By John Farrugia, SDSN Youth
Monash University is known for going beyond good intentions, endeavouring to make an impact, both locally and internationally. This September, I along with Monash University students Siamak Loni and Michelle Huang travelled to New York City as members of the United Nations Sustainable Development Solutions Network – Youth Division (SDSN-Y), to attend the Sustainable Development Summit, and witness the adoption of the post-2015 agenda. Working alongside students from several universities around the world, we actively engaged and collaborated with a series of innovative organisations, with the intention of achieving practical solutions to issues ranging from the eradication of poverty, the promotion of human rights, the harsh effects of climate change and the promotion of a sustainable economy.
For quite some time, young people have felt a strong sense of detachment. This stems from the fact that they are constantly excluded from discussions that have real impact on certain issues. Essentially, their opinion is overlooked, possibly credited to a presumed inexperience or presumed idealistic opinions. However, what I witnessed in New York City, at the International Conference of Sustainable Development (ICSD 2015), was a transcendent shift in youth involvement.
When we met Helen Clark, head of the United Nations Development Program (UNDP) and Former Prime Minister of New Zealand at the United Nations Headquarters, she stressed the importance of youth presence and involvement, stating that 'the 2030 Agenda, is about a common future between all.' My colleagues and I felt as if; young people were speaking, and the world was beginning to listen. In fact; rather than participating in an observatory role, my colleagues and I actively participated in workshops and conferences, and actively engaged with professionals from all walks of life. By being given the opportunity to meet face to face with individuals pivotal to the success of this post-2015 agenda, it enabled us to forge and foster strong relationships, which since September have proven to be fruitful in the mission to achieve the Sustainable Development Goals.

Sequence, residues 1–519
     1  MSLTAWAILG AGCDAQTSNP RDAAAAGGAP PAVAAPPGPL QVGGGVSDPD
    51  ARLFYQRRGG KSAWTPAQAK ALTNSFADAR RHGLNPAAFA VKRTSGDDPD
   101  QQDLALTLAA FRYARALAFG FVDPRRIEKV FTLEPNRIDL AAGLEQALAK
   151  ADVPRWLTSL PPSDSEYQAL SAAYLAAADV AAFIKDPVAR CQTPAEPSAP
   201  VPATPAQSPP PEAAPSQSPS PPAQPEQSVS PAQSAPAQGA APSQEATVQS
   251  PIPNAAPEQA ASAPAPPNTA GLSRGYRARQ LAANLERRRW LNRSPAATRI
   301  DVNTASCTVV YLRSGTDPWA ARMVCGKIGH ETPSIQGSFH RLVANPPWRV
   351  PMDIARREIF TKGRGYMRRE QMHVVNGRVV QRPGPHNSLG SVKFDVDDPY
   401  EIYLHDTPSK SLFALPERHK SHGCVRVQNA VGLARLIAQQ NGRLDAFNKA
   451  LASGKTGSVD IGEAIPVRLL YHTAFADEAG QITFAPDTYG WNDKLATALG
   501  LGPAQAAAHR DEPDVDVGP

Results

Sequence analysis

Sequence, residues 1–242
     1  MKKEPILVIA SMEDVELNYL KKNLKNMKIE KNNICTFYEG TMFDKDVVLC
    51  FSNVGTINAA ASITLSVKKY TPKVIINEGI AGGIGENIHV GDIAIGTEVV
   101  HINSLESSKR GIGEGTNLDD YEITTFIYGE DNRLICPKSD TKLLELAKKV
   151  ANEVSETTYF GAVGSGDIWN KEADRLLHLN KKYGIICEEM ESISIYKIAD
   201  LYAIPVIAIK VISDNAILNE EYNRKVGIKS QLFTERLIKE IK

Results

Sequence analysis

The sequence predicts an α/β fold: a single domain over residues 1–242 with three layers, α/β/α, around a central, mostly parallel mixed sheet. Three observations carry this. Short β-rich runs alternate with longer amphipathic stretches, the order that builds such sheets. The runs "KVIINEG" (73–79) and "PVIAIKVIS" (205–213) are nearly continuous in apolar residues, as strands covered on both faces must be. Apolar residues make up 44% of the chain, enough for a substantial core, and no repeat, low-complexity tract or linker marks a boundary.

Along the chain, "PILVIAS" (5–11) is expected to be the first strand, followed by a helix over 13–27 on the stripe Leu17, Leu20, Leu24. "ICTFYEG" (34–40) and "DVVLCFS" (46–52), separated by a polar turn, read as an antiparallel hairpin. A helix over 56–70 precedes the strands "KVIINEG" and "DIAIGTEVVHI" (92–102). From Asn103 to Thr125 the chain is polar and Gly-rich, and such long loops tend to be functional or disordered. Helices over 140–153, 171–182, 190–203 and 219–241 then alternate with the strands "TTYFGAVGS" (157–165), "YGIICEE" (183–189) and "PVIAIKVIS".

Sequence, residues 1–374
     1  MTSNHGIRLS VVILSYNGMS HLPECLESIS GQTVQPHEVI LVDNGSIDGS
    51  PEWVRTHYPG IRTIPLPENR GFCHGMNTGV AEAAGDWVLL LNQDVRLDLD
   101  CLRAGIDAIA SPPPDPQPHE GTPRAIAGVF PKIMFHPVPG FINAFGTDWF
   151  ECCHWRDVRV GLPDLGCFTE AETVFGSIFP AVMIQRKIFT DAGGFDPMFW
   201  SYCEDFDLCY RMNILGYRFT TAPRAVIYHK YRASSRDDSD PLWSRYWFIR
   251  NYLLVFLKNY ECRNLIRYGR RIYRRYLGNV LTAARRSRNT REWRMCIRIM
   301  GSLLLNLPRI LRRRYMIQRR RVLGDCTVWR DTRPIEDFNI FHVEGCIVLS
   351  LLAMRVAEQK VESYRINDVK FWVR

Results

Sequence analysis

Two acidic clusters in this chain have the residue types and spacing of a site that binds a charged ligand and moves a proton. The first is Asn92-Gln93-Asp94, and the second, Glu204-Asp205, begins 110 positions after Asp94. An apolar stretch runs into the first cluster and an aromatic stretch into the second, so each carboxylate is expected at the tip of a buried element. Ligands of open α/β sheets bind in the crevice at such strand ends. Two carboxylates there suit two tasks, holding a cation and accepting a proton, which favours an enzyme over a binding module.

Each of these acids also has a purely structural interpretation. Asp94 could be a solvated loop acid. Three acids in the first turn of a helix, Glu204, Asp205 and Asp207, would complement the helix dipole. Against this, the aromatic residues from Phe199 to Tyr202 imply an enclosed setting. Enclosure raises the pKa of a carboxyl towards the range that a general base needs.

Across the time of the ICSD 2015, there was a real sense of a newly acquired energy and enthusiasm. Extraordinarily, speakers from every session of the conference, be they Heads of State, academics or leaders of industry, stressed the overall importance of young people, and how crucial their involvement in the implementation process of the Sustainable Development Goals really is. They discussed how young people have unique ways of processing and distributing information across the world. This acknowledgement of young people, for me, symbolised a real shift in attitudes. It inspired that there was a sense of the fact that the post-2015 agenda is actually achievable.
The International Conference of Sustainable Development provided the platform to collaborate and form a series of strong partnerships with like-minded youth organisations across the globe. I had the opportunity to sit down with individuals from leading youth organisations such as; Solar for Life, the Millennium Campus Network and the GREEN Program. A commonality amongst all of my personal discussions with leaders of these organisations, was the fact that we all believe in collaboration. As SDSN-Y's objectives and activities are designed to complement the efforts of existing organizations working towards one or more areas of sustainable development, I was incredibly interested into ways in which through our cooperation we could aim at achieving a mutually advantageous relationship, with the end goal of contributing to the post-2015 development agenda. Since September, my colleagues and I have held follow up conversations discussing a series of initiatives with these individuals. These discussions have been largely based on expanding our network across several regions, through cooperative communications campaigns, and the promotion of different initiatives launched by these respective organisations.
While there was significant student and youth attendance in New York City, there is still a long road ahead in ensuring appropriate youth representation and youth engagement. We should continue to urge young people to actively participate in forums around the world. In fact, as President of Malta, Her Excellency Marie-Louise Coleiro Preca stated at ISCD, 'Our planet needs you (young people). Humanity needs you (young people). Please get involved.' These words resonated with me quite deeply. Rather than highlighting that young people are merely one aspect of the challenges the world faces, it indicates that young people of today can be leaders of change. As a young Einstein once said, "[w]e cannot solve our problems with the same thinking used to create them". Our present and future innovations are guided by the knowledge gathered by our predecessors. This knowledge, combined with the creative power and passions of youth, can be harnessed to tackle imminent issues we face as a global community, both today and in the future.